If there’s one thing organizers at the USA Track and Field Masters outdoor national championships want people to know, it’s that you’re never too old to go for a run.

Starting Thursday, LSU’s Bernie Moore Stadium will host more than 900 athletes from around the country who hope to prove that maxim as they compete for national titles for anyone over the age of 30. And when organizers say anyone can compete, they mean anyone.

From former national champions and Olympians — 40 to be exact — to those 90 and older, the Masters meet is a place for everyone to show they still have a little gas left in the tank.

“We do have some of the best athletes in the world, but we have everybody else also,” said USA Track & Field masters media director Bob Weiner. “That’s the point: Fitness and health and training and competition is for everyone, and it’s open to everyone.”

This year marks the 50th anniversary of the meet’s first event, held in San Diego. Baton Rouge, in partnership with SportsBR, won this year's bid about two years ago, beating out dozens of other applicants.

While athletes from all over the country are welcome, the event does feature several from Baton Rouge.

Julia Hawkins, a 101-year-old sprinter known as “Hurricane,” will look to defend her title as the world record holder (among women 100 and older) in the 100-meter dash. She set her mark of 39.62 seconds at this year's National Senior Games in Birmingham, Alabama.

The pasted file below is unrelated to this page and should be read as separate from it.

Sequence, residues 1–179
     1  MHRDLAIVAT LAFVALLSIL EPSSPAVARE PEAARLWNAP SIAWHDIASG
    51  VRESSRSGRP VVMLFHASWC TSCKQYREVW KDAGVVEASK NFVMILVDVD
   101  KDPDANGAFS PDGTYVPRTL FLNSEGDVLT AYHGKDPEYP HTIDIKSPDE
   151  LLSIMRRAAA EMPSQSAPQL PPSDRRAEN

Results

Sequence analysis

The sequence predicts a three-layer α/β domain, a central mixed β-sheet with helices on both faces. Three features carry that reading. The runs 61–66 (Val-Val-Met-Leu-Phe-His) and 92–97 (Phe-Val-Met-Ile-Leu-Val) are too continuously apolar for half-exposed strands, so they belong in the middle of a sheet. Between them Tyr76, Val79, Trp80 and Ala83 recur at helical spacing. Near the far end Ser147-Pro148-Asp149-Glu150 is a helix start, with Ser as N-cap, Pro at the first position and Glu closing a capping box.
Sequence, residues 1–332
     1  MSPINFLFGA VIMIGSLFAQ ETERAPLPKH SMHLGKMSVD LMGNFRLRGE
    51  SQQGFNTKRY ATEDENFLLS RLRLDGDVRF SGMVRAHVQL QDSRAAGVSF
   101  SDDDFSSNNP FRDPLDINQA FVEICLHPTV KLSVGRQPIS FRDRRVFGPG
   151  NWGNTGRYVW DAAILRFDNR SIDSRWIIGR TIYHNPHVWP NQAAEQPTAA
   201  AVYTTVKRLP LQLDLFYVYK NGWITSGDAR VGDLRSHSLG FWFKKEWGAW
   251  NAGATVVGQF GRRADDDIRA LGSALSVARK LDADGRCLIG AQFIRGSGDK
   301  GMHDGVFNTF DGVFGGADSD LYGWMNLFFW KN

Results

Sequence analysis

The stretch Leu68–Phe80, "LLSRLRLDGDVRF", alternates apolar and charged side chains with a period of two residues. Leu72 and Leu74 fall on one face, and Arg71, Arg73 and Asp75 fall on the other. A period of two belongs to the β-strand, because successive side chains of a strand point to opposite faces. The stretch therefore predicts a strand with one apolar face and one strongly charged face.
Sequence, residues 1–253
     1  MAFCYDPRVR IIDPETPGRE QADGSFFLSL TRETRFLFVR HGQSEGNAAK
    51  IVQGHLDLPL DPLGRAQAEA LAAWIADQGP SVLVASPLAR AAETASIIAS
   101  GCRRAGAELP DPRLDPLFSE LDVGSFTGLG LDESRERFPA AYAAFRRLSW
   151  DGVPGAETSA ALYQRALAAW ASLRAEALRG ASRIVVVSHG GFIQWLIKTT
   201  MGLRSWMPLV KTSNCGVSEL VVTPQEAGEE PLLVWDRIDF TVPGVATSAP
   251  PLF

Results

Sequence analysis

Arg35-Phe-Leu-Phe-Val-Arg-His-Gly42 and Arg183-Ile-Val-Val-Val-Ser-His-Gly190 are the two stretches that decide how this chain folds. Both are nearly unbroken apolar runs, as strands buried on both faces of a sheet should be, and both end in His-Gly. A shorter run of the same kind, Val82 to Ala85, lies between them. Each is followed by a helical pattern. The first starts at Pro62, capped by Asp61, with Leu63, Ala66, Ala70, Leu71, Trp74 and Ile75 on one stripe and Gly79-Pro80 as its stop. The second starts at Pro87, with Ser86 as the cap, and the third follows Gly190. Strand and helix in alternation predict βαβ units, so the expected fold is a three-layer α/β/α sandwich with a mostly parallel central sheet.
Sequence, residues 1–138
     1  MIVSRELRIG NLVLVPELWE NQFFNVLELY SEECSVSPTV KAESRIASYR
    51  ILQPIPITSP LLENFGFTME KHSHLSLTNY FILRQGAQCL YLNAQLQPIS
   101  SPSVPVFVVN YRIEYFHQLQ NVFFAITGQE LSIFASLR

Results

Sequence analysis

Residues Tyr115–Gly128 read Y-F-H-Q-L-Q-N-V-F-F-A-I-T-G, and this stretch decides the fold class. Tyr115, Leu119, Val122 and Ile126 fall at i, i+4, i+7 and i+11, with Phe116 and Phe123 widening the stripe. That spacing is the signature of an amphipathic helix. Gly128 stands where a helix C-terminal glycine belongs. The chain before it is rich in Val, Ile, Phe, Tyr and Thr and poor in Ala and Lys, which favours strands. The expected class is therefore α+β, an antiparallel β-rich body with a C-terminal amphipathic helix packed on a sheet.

Mary Norckauer, 92, is a local who is expected to compete in 12 events: the 100-, 200-, 400-, 800- and 1,500-meter events on the track, as well as the long jump, triple jump, shot put, discus, hammer, weight and javelin throws in the field.

While he doesn’t hail from Baton Rouge anymore, 71-year-old Delmon McNabb won’t feel too out of place this weekend when he returns to LSU, where he was a javelin star in the 1960s. He’s the only Tiger to claim a national title in the event, which he won in 1967.

Competitors did not have to qualify for the meet, but they are seeded according to their submitted results and age groups.

“We’ve got top-level people and everyday Joe and Marys,” Weiner said. “We have 40 reigning world champions, a dozen recent world record holders over the last three years, 87 defending national champions and many are from Baton Rouge and Louisiana.”

Weiner noted that most of the organizers are competitors, too. Weiner, 70, is competing in the steeplechase and the 1,500-meter run.

That’s part of their commitment to the event: Organizers want people to know they can improve their lives through exercise and that no one is too old to compete.

“With a regular fitness program — every other day for a half-hour a day — the study the Washington Post did said you gain nine years on your life. And with a more intense program, you gain more years on your life,” Weiner said. “The number I use is that you gain 10 years on your life with a serious fitness program like we have in Masters track and field. It’s not just for the world-class people; it’s for everybody.”

The meet begins at 8 a.m. Thursday and ends Sunday night. Spectators are admitted free.

Follow Mike Gegenheimer on Twitter, @Mike_Gegs.